This briefing highlights quotes from two IATA reports, from 2001 and 2007, that show the aviation industry initially supported the concept of emissions trading for aviation, going as far as calling it a "no brainer" that would "maximise gain". However, more recent quotes from the organisation's CEO show that now the EU has led efforts to actually introduce such a scheme, IATA has changed its mind and launched an all-out attack against it.
Editorial by Jos Dings, T&E Director
If you listen carefully through the cacophony surrounding the inclusion of aviation in Europe’s Emissions Trading System, there is progress. Important progress.The verdict of the European Court of Justice cleared the legal hurdle, which even more clearly exposes this fight for what it really is: a political power struggle between the most important economic blocs on the planet.
The Commission has suggested four ways of tackling greenhouse gas emissions from international shipping, and has opened a public consultation. The consultation follows the failure of the IMO to agree measures for ships already in operation by the EU's 31-December deadline.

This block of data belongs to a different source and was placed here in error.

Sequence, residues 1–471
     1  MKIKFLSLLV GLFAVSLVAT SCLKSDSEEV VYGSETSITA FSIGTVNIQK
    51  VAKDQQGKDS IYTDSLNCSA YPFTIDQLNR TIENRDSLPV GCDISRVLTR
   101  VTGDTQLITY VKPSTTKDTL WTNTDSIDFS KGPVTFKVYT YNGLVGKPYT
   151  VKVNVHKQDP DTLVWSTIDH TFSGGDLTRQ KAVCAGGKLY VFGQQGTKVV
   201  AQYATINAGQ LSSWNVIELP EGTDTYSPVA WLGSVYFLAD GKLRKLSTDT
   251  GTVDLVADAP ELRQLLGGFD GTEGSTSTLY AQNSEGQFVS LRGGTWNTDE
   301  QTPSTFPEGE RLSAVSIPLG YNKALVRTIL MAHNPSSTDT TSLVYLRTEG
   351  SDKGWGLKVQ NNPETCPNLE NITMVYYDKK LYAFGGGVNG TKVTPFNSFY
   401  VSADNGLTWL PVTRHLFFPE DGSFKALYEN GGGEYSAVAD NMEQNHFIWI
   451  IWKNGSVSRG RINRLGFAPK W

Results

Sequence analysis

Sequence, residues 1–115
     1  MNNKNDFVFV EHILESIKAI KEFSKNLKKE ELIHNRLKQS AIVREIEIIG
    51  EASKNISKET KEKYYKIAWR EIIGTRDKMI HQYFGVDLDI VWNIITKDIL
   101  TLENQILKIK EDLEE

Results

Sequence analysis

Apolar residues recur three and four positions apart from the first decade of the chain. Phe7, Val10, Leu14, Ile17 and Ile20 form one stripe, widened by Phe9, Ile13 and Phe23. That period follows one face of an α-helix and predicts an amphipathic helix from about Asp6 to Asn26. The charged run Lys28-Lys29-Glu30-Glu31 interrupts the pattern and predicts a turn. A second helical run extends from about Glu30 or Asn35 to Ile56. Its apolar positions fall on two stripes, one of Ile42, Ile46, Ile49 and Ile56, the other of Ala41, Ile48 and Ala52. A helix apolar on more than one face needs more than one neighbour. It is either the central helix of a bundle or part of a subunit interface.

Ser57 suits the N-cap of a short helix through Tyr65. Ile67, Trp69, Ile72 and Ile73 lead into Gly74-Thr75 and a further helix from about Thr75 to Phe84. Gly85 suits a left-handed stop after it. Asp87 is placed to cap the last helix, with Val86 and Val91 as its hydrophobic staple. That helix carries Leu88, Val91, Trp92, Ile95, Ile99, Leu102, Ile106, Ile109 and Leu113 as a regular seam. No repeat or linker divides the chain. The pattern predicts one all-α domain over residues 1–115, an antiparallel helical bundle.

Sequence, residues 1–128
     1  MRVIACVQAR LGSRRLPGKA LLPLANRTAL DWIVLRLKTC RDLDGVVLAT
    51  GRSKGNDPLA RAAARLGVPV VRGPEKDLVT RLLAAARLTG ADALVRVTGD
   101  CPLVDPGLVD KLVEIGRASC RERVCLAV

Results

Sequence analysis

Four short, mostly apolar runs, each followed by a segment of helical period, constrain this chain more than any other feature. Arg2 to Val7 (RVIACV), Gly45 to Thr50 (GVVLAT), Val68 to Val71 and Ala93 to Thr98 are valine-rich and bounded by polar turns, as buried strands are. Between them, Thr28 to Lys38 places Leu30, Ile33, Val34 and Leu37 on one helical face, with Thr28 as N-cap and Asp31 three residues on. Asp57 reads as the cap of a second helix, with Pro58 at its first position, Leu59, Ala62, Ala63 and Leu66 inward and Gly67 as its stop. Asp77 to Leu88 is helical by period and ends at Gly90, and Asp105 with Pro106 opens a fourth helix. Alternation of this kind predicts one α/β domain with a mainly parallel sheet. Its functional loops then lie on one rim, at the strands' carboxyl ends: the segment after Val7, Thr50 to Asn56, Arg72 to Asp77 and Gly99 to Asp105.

A new paper from the OECD on efficient taxation says raising the importance of property taxation and environmental levies is vital for improving government finances.
EU standards and policies play a vital role in reducing traffic accidents across Europe, but can also contribute to environmental and climate goals. This paper provides inputs to the CARS21 process, highlighting these synergies.
Europe’s top climate official, Jos Delbeke has said Europe will ‘not accept’ retaliatory action against the inclusion of aviation emissions in Europe’s ETS scheme.
by Magnus Nilsson, T&E Senior Campaigner
Raising taxes on fossil fuels is pretty much the only climate policy tool that in all circumstances delivers real emission reductions. Telling people that the cost of petrol and diesel will have to rise may be a difficult message for politicians to put across, but if this method is rejected or not possible, climate policy will simply become unnecessarily costly.
The French government is reducing its subsidies for people buying fuel-efficient cars but is increasing penalties for buyers of high-consumption vehicles.